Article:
3. The completed translation goes to the designated reviewer. The client or other in-country reviewer will make any changes to the translated string, and those changes will get logged in the system to inform future jobs. For example, they may note that using the term “stylus” in place of “pen” will yield the best SEO results. For all future jobs, that change will be suggested whenever a linguist types the word “pen.”
  4. The file is engineered to ensure that the content works as expected. A reviewer will check for things like how files are packaged, whether its YAML, XML, or some other format. They review the code, set standards for isolating variables and managing structured text, and all the other tasks needed to ensure the code reintegrates with the website intact.
  5. The file goes to the CMS and is pushed live. Integration cuts down on the resources needed and the delays in getting translated content live.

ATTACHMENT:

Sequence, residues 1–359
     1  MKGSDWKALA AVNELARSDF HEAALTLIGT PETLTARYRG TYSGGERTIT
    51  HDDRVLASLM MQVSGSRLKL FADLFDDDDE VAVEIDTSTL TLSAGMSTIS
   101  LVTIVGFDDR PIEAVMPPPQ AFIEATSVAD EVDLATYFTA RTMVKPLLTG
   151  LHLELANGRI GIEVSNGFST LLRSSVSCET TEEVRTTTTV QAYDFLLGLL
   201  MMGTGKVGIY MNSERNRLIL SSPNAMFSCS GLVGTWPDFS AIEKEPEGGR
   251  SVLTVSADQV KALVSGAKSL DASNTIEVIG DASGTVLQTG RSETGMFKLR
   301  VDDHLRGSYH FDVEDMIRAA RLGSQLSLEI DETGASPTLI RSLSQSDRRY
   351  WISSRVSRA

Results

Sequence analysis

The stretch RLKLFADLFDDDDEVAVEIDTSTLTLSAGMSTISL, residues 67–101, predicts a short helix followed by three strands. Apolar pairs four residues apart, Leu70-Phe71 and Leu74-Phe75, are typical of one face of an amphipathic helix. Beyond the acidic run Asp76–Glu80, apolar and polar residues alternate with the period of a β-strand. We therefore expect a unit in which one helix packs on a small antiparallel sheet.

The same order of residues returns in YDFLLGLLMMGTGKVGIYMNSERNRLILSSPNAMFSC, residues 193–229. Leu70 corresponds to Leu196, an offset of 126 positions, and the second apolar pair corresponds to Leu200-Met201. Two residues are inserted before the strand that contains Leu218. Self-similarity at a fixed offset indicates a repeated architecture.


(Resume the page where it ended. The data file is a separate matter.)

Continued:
The use of a website language translation software cuts the steps needed to update a page by more than half. As a result, it reduces costs and speeds turnaround. A job that may have taken weeks is rapidly completed, sometimes in as little as 48 hours. And this comprehensive localization process boosts quality, consistency, and brand representation.

Website language translation software can automate many of the obstacles associated with localization and its workflows so you can increase your translation projects’ ROI. Through an early implementation, you reduce a significant amount of scope creep that impacts your bottom line. It’s a better way to expand into a new market, all while managing every moving part involved in website translation.

Bureau Works can provide you with the website language translation software you need to improve your ROI and minimize your costs. Contact our team to discover the features of our one-of-a-kind platform.

Published On: August 4th, 2020 / Categories: Business Translation /

Gabriel Fairman

August 4, 2020